Thursday, March 05, 2009
Vegan Lemon Tahini Encrusted Baked Cauliflower - An Elegant Presentation
The American Cancer Society recommends eating 5 or more servings of fruits and vegetables each day to help prevent cancer. If you actually ate that many low calorie, phytochemical and antioxidant rich foods each day, you would also be going a long way to preventing other diseases as well, such as diabetes and cardiovascular disease. So why are so many people not able to reach these minimum levels even though they totally understand their importance?
One of the reasons, I believe, is that many people just don’t know what to do with them. My son and I had a long discussion about this on his last visit home. He was making this amazing mushroom bourguignon and I told him how incredibly proud of him I was that he could cook such a beautiful meal so effortlessly. Besides creating this incredible vegetarian dish, he appeared to be enjoying himself immensely. We then had this long talk on how many men and women, young and old, don’t really feel that they need to cook. Some even feel that it’s beneath them—that their successful careers have “liberated” them from this horrible chore. He told me that he really respected me for being able to have an important career and still care about cooking my family a healthy meal and teaching my children how to do the same. I have never been paid a greater complement.
I believe there are several factors in play right now that are encouraging people to return to the kitchen, or even find it for the first time. One, it’s a lot cheaper to eat at home. With the state of the economy and so many people out of work, this is a big motivation to cook. Two, it’s safer. I’ve heard of more cases of food poisoning this last year than in the last ten. I just saw a news clip showing an insurgence of rats in New York restaurants as their owners can no longer afford to exterminate. It will take a while to get that visual out of my head. Three, it’s healthier. You can control what and how much you prepare. You can select healthy, organic vegetables, hormone-free meat and dairy and leave out the excess fat and salt usually found in restaurant prepared dishes. Four, it can be fun. You can make it an event with everyone having something to do—chop, decorate the table, making a dessert. My friend Lisa and I still remember many nights of cooking together when we were neighbors—drinking a nice glass of wine while making our favorite chanterelle mushroom risotto. If you live alone, cook a meal for two or even four and enjoy leftovers during the week. Light a candle, pour a glass of sparkling water and enjoy yourself knowing that you are doing something wonderful for your body. It’s important to take the time to do this because it is too easy to fall into a pattern of just eating a bowl of cereal because you don’t want to cook for one. Eventually your health will suffer.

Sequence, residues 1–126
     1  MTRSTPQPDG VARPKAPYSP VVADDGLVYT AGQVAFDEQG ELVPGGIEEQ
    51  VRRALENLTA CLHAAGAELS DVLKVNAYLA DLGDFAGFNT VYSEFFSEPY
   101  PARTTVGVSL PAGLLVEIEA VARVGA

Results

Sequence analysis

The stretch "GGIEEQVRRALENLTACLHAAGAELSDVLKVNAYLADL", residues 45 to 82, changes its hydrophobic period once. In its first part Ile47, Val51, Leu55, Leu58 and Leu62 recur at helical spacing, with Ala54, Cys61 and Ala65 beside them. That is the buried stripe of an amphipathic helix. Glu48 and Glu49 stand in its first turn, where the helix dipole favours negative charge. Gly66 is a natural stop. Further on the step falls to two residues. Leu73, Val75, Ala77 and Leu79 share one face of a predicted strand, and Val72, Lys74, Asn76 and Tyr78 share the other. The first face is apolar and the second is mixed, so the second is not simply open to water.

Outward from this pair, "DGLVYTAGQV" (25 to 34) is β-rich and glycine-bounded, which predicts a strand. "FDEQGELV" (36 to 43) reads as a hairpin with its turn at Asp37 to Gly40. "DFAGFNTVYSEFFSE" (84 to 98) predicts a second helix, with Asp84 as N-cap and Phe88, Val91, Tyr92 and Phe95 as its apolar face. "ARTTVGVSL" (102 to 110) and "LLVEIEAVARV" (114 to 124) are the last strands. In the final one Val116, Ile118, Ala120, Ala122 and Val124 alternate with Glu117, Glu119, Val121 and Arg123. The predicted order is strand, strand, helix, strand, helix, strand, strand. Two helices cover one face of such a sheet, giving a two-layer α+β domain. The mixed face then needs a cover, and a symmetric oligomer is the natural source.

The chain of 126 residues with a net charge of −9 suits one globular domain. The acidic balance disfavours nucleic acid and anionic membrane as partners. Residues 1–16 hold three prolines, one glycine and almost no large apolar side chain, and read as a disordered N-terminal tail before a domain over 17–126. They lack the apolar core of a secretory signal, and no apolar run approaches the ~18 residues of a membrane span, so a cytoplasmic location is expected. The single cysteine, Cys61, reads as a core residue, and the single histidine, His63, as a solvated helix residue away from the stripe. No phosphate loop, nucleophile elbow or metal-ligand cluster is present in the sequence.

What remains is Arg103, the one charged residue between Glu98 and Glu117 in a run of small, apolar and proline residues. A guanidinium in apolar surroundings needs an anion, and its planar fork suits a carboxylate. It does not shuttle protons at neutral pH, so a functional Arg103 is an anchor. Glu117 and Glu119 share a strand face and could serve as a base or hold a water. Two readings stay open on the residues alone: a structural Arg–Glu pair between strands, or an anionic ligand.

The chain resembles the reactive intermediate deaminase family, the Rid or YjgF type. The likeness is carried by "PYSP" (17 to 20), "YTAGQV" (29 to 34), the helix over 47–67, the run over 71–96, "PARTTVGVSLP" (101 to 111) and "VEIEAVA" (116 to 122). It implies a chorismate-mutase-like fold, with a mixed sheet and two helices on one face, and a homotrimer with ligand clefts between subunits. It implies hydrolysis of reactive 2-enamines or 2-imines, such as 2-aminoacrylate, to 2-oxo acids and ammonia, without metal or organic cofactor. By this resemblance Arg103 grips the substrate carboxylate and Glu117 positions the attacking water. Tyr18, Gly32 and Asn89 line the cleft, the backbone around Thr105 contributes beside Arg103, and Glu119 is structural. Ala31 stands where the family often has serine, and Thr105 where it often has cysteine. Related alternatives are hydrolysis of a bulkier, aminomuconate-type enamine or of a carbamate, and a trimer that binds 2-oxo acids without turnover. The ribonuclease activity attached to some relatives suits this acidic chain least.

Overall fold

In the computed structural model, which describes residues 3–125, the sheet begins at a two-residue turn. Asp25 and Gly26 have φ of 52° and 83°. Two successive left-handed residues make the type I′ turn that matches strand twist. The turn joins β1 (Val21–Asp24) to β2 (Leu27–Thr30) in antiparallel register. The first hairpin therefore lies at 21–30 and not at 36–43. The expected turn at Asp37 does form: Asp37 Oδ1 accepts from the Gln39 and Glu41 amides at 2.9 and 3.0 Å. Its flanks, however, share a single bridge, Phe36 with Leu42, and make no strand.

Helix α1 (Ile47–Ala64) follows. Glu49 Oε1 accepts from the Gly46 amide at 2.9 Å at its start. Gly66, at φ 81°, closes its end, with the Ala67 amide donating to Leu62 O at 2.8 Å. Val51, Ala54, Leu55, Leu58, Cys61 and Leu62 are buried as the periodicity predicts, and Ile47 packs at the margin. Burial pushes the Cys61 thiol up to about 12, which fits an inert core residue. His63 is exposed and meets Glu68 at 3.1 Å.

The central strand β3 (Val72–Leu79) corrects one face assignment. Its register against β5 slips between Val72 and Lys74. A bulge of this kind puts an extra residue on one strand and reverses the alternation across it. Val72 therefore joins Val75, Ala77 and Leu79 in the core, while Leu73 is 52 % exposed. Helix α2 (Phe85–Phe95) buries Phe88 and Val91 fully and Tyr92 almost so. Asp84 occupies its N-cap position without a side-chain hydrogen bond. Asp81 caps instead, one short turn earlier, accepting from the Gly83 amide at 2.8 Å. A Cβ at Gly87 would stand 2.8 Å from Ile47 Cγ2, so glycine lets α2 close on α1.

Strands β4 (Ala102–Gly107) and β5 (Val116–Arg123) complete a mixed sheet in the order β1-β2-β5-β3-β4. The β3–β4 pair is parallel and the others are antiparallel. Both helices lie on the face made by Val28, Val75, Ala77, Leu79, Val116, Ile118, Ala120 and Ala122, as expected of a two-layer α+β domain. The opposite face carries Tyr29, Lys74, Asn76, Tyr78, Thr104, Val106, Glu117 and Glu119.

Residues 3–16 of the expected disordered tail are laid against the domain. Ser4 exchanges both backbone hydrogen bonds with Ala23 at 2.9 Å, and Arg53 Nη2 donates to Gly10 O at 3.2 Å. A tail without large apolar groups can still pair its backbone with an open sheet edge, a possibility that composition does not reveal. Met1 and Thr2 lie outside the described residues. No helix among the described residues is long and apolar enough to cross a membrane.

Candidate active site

So I want to encourage you to not only cook but get committed to creating meals that will nourish and heal you. Put more and more vegetables on your plate. I will continue to present you with new, delicious and healthy ways to prepare them. In fact, I will dedicate March to “Celebrating the Vegetable”.
Here’s an elegant and unusual way to prepare cauliflower. Rich in the phytochemical, sulforaphane, this cruciferous vegetable has tumor fighting capabilities. It’s also high in dietary fiber, Vitamin C, Vitamin K, Vitamin B6, Folate, Pantothenic acid, Potassium and Manganese.
Lemon-Tahini Encrusted Baked Cauliflower
1 medium or large head of cauliflower
2 tablespoons of tahini (I prefer raw, but roasted is fine too)
1/3 cup of whole wheat pastry flour
2 tablespoons of freshly squeezed lemon juice
Zest of ½ a lemon, about ½ tablespoon
¼ teaspoon of garlic powder
1/8 teaspoon of cayenne (more or less to taste)
1 t of salt (or less depending on taste and dietary restrictions)
¼ cup of water
Preheat the oven to 350 degrees. Keeping the cauliflower whole, remove the leaves and stem and wash under cold water. Steam whole for 22 minutes. While steaming the cauliflower, prepare a lemon-tahini paste with the remainder of the ingredients (you may have to add additional water or flour until you get a good consistency that will stick to the cauliflower). Carefully remove the cauliflower from the steamer and place it on a slightly oiled cookie sheet. Pour the lemon-tahini mixture over the cauliflower and with a butter knife, cover the top and sides as if you were icing a cake. Bake for 30 minutes, until the crust is firm. Cut into slices with a sharp knife.
Per serving: 113 calories, 4.9 g fat, less than 1 g of saturated fat, 5.3 g protein,
14.8 g carbohydrate and 5 g of fiber.